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'the people formerly known as the audience…'

If you are even remotely plugged into the digital media debates of our time, you’ve probably encountered Jeff Jarvis, author of What Would Google Do and a persistent openness extremist. Despite my description of Jarvis’ views, I happen to find much of what he says compelling, and I particularly liked the way he recently expressed his dissatisfaction over the iPad.

An overreaction? Probably. But I can certainly get behind his rationale. Jarvis believes the iPad’s limited ability to create content is a deal-breaker. I agree. The new Web is all about creating and sharing, not passively consuming. In particular, I like the way Jarvis’ expresses this sentiment in his resent talk at re:publica 2010 in Berlin (about 37:00 on the timeline):

“The problem with the iPad is I couldn’t see a use for it…That scares me: that we move back from a world where we, the people formerly known as the audience, become an audience again.”

Also, check out his comments on why the media loves the iPad (read: because it gives them back the control that the Internet has democratized).

Don’t get me wrong; I’m not a Jarvis fanboy in every respect. However, I do think he forces us to consider our preconceived notions about digital media, and his arguments, if not compelling, at least serve a provoking pedagogical function.

News media's pre-launch love affair with Apple's iPad

Media companies have big plans for Apple’s iPad. Just ask Wired Magazine and Adobe.

Of course, Wired is far from the only publication seeing dollar signs in the iPad’s glossy reflection. The New York Times Media Group has been struggling over the best subscription price to offer for their iPad distribution system — anywhere from $10 to $30 a month. The Associated Press recently announced “AP Gateway,” a division focused on developing new content and distribution models for mobile devices, and you better believe an iPad app is top on their to-do list. The Wall Street Journal and Condé Nast also have plans to harness the tablet’s potential using custom applications.

Media companies seem to think the iPad holds the answer to what ails them, namely the trouble getting people to pay for content. On the iPad, they propose, people will be willing to subscribe again.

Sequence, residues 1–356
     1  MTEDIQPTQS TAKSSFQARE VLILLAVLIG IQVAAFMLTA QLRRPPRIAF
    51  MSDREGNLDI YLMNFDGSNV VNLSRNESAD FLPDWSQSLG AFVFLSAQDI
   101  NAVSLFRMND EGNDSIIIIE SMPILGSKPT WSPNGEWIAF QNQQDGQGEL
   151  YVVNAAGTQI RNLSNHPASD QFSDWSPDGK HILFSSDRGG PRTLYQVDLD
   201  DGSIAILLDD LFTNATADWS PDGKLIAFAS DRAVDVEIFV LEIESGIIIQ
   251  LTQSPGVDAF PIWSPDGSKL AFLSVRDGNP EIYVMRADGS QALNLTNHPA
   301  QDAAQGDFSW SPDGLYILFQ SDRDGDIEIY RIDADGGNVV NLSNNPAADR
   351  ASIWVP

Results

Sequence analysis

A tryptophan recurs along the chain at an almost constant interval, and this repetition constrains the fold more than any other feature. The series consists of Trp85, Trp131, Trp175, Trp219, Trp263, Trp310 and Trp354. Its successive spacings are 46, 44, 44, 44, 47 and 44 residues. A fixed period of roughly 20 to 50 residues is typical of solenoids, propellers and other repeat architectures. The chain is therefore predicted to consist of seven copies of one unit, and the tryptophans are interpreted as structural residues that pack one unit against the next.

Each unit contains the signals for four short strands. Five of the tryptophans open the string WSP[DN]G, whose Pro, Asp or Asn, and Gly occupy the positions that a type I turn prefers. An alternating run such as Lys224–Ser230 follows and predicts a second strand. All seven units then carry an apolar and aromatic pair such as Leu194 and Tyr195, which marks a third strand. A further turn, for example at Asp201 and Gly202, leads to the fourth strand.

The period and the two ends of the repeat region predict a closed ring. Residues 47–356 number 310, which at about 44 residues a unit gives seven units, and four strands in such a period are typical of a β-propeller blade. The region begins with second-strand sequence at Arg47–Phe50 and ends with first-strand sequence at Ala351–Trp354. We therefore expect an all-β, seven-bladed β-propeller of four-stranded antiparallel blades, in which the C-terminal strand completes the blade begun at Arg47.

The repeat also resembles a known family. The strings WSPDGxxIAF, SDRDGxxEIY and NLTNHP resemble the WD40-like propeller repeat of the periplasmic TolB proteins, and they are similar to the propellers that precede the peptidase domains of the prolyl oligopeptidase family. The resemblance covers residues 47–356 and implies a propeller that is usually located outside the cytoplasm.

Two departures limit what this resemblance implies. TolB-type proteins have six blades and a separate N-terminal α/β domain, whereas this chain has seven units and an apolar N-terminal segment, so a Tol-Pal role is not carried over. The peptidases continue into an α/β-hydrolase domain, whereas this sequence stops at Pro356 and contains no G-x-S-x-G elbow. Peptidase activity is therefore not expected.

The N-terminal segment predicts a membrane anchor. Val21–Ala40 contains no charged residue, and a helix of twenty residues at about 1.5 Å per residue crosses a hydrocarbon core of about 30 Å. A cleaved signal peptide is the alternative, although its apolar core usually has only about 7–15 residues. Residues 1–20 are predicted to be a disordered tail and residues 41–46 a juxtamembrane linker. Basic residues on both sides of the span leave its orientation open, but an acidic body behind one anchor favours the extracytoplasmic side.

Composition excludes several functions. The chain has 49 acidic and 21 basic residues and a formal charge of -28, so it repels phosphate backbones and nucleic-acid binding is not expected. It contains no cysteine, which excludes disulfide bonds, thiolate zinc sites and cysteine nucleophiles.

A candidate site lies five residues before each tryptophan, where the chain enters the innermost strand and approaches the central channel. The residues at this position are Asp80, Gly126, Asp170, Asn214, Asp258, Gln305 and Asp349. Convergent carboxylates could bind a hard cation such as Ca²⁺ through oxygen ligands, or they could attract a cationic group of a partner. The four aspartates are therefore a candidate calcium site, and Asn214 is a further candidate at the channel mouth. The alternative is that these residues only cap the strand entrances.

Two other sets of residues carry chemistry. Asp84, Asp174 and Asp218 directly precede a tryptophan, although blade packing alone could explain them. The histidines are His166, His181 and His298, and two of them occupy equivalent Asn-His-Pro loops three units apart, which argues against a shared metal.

Time for good-news, bad-news. On the positive, news media seem for once to be anticipating a trend. Perhaps as a result of the lesson they learned from their belated entry onto the Web (link to 10,0000), media companies have picked up the pace, announcing iPad applications before the device even hits stores this April. Traditional media is not known for experimentation, and any willingness to innovate is refreshing.

The bad news is, even though they’re lined up behind an Apple device, there’s no guarantee big media’s dreams of a workable subscription model will come to fruition.

Wired seems to be a good example of what I’ll call the “enhanced content” model. They propose offering subscribers an enhanced reading experience — whether through value-added content or better content management — will justify the monetary exchange. Most people, myself included, believe this to be a good approach. Traditional news content has become undervalued, so it falls to news media to find ways to increased content’s value to readers. Of course, there are other approaches, but this seems to be the most straight-forward and the one well represented by Wired’s current iPad strategy.

In the case of The New York Times,  the application they plan for the iPad will reportedly be something similar to the New York Times Reader currently available for personal computers. However, the company may charge twice as much for the same functionality on the iPad. While moving the same content to a different device may qualify as innovation, I believe it does so in definition only. The move to iPad does not justify, in my eyes, such a jump in quality, and does not fall under the enhanced content approach.

In the end, I think — and hope — many companies will take the initiative to enhanced content. However, this means radical shifts in the way news media operates, bringing in new innovators, programmers, and designers. Legacy media’s ethos — and wallets — may not fit the change. At least for a Wired subscriber like myself, it’s refreshing to see the edgy tech-magazine continuing to innovate on what could be the future of magazine content. As for the rest of the news media, without innovation, their love affair with the iPad may be a one-night-stand.